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Warming Trend & Rain Chances

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Here is a final look back at the weekend ice storm across the state with data compiled by the good folks at the NWS offices in Tulsa and OKC.  First is the tally from OKC which clearly shows the magnitude of the storm over NW OK. 


Next is the tally from Tulsa and although some locations did receive up to ½” of freezing rain, the impacts were diminished by the length of time it took for the rain to fall and the fact that temperatures hung right around the freezing mark.  It was just a matter of another degree or two of temperature drop which would have enhanced the ice build-up and the subsequent impacts would have been much worse.


Anyway, that was then and this is now with another day of above normal temperatures.  The max/min here in Tulsa for today has been 53/34 as compared to the normal values of 48/27.  Look for warmer than normal conditions for the rest of the week and for that matter into the following week.  We do have another storm system that will be moving across the state over the weekend, but the air behind it will not be nearly as cold as what we experienced last week.

At any rate, cloudy skies will persist through the night tonight along with a light SE breeze.  That means temperatures will not cool off much and morning lows will generally be in the low-mid 40s to start the day.  However, the abundant low level moisture may also produce some drizzle and lower visibility due to patchy fog for the overnight hours as well.

Thursday will start off overcast but we should get to see at least some afternoon sunshine which together with a SE breeze will result in a warmer day.  After starting the day in the 40s, look for most locations to reach the low-mid 60s for the afternoon hours, depending on just how much of a break in the cloud cover takes place.

Friday and Saturday look to be milder yet as you can see on our forecast page.  Morning lows generally in the 40s, daytime highs well into the 60s, and brisk southerly winds will certainly keep temperatures much above normal.  Cloud cover is the main caveat regarding just how warm we will be on either of those days as it does not appear that we will have full sun anytime soon.

In fact, our next major chance for showers and perhaps even some thunder looks to be Saturday night into the morning hours of Sunday.  Notice the upper level wind chart at approximately the 18,000’ level valid for Sunday morning.  At this time of year, a storm system of that intensity and in that position would typically be a big snow maker for us.  But, this system just does not have any cold air to work with and although we will certainly be turning cooler during the day Sunday along with gusty northerly winds, the current thermal profile at the surface and aloft does not support anything more than liquid precipitation.  In fact, there may even be some thunder associated with this particular system.   Notice also there are several more storm systems stacked up in the Pacific and the zonal or W-E flow will bring those onto the west coast in the following days.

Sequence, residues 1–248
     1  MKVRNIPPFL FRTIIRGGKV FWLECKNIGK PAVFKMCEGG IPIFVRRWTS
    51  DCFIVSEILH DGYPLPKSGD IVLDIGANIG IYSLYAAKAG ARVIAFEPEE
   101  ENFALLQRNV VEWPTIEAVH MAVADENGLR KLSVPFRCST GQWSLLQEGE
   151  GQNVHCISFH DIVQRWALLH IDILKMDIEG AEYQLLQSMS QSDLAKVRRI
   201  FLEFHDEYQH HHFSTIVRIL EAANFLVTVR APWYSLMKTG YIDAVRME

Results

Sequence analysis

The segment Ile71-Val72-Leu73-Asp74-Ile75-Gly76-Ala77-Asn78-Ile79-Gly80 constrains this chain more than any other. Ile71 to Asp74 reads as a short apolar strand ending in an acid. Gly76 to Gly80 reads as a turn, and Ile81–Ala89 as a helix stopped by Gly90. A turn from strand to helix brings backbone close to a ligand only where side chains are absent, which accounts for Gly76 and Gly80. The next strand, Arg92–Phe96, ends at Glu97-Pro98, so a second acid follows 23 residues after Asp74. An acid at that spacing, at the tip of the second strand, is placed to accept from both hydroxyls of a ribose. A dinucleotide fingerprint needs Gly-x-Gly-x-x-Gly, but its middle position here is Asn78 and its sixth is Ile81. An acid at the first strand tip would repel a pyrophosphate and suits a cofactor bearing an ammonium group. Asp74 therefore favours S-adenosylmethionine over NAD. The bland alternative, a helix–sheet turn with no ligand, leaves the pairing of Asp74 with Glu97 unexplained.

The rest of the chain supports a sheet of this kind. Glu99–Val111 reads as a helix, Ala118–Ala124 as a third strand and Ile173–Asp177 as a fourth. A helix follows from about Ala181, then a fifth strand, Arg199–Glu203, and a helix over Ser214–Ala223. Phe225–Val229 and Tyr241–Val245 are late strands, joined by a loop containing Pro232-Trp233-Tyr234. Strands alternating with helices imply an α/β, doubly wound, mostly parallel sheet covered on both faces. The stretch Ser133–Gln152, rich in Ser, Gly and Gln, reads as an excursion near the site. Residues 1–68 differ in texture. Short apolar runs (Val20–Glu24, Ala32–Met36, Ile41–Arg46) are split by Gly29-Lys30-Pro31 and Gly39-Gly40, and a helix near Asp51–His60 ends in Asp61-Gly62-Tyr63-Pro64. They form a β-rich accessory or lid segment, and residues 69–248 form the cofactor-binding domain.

That is why the 7 day QPF is showing such heavy moisture accumulation for the W Coast, but notice only light amounts for us and then much heavier amounts on to the east.  As the storm systems move onto the W Coast, much of their moisture is wrung out by the mountains and they don’t really tap into the moisture from the Gulf of Mexico until they are on east of us; at least that has been the pattern for much of the winter with the exception of the system last weekend.


Looking further down the road, the pattern aloft is expected to amplify with a stronger N-S flow coming down out of Canada later next week which would lead to a return to cooler conditions.  However, this does not suggest another arctic outbreak coming our way, but the colder Canadian air will certainly bring temperatures back down to at or below normal as you can see on the 8-14 day outlook.


Keep in mind, we are now about half way through the winter season from a climatological perspective, and our heaviest snows often have occurred in March so we still have a long way to go.

Dick Faurot

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